A peripheral nerve block is a type of regional anesthesia during which an anesthesiologist and anesthetist uses ultrasound to detect nerves in a person’s limb or extremity and administers medication directly to the nerves. This procedure “blocks” sensation to the area, numbing it and allowing for surgery. Patients who have received peripheral nerve blocks have reported short-term numbness, heaviness, weakness, or loss of muscle control in the intended region.
Peripheral nerve blocks allow for anesthesiologists and anesthetists to better control a patient’s pain during and after surgery, and to reduce reliance on oral narcotic pain medication. In many cases peripheral nerve blocks are less risk to a patient than general anesthesia. Additionally, patients who have received peripheral nerve blocks have reported less pain immediately following surgery and fewer side effects than those seen with general anesthesia. Ultimately, this technique enables patients to feel better faster.
Depending on the surgery needed, patients may remain awake throughout the procedure, may receive sedation, or may receive general anesthesia. The care plan is developed by the anesthesia care team, and is individualized for each patient.
Peripheral nerve blocks can be used in a variety of surgeries, and in many cases are delegated by anesthesiologists to anesthetists. It’s important for MSA students to learn the theory and technique, and to have opportunities for practice in both simulation and the clinical setting prior to entering the workforce.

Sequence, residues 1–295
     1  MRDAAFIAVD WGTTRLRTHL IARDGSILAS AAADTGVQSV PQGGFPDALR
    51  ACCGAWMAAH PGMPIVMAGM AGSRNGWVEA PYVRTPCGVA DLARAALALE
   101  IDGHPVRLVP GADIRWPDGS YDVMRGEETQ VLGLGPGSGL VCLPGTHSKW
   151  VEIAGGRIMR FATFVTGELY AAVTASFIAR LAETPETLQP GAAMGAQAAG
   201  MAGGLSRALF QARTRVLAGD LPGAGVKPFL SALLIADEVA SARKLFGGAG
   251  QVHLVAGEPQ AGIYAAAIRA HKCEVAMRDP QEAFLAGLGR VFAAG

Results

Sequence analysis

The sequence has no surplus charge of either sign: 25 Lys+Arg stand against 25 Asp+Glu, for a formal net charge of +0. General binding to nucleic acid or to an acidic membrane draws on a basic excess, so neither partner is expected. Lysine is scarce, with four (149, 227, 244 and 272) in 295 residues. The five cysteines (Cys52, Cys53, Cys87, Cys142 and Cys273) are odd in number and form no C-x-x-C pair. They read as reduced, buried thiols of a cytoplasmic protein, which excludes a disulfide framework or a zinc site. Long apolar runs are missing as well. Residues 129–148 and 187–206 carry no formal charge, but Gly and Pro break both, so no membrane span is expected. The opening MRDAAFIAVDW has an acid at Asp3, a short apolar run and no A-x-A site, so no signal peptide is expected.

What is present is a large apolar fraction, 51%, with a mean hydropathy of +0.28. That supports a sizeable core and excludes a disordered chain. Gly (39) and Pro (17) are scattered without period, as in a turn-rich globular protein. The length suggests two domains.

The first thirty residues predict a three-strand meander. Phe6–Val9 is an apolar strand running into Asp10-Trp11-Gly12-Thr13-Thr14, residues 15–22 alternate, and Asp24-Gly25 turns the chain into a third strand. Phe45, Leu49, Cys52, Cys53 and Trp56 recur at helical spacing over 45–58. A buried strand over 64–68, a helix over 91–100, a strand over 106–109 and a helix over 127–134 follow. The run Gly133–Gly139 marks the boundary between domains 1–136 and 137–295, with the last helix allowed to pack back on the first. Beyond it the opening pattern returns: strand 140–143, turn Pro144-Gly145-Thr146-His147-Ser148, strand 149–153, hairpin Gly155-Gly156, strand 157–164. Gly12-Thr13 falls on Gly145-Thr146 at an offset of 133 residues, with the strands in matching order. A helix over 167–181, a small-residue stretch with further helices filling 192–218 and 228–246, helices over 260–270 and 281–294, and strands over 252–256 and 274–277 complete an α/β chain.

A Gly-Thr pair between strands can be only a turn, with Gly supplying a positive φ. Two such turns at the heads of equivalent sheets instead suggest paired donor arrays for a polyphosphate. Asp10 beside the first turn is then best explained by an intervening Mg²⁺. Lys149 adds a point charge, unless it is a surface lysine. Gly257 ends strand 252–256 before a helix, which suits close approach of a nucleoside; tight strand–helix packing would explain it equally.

The Master of Science in Anesthesia Program at Case Western Reserve University was the first program to actively train students how to perform peripheral nerve blocks on patients. Our curriculum incorporates didactic instruction, simulation training, and opportunities for clinical application.
A partner in this curriculum is the PNBschool, which was founded and led by a CWRU MSA alum Robert Thall, CAA. Thall teaches ultrasound-guided peripheral nerve blocks to our first-year students in Cleveland, Houston, and Washington. He provides task trainers and ultrasound machines, which allow for students to put to practice the theory before attempting the procedure in the operating room.
Of the collaboration with PNBschool, Executive Director Joseph Rifici said, “We’re excited to partner with Bob Thall and the PNBschool to formerly train our students in the art of ultrasound-guided peripheral nerve blockade. The MSA Program at Case Western Reserve University recognizes the importance of proficiency in this area of anesthesia care, and we continue to strive to be the foremost educators of anesthesiologist assistants in the country.”
Ultrasound-guided peripheral nerve blocks have been used in operating rooms since the early 2000s, and are prevalent across the country. CWRU MSA students have been working with Thall to refine their technique in simulation training since 2016.
Learn more about our curriculum here.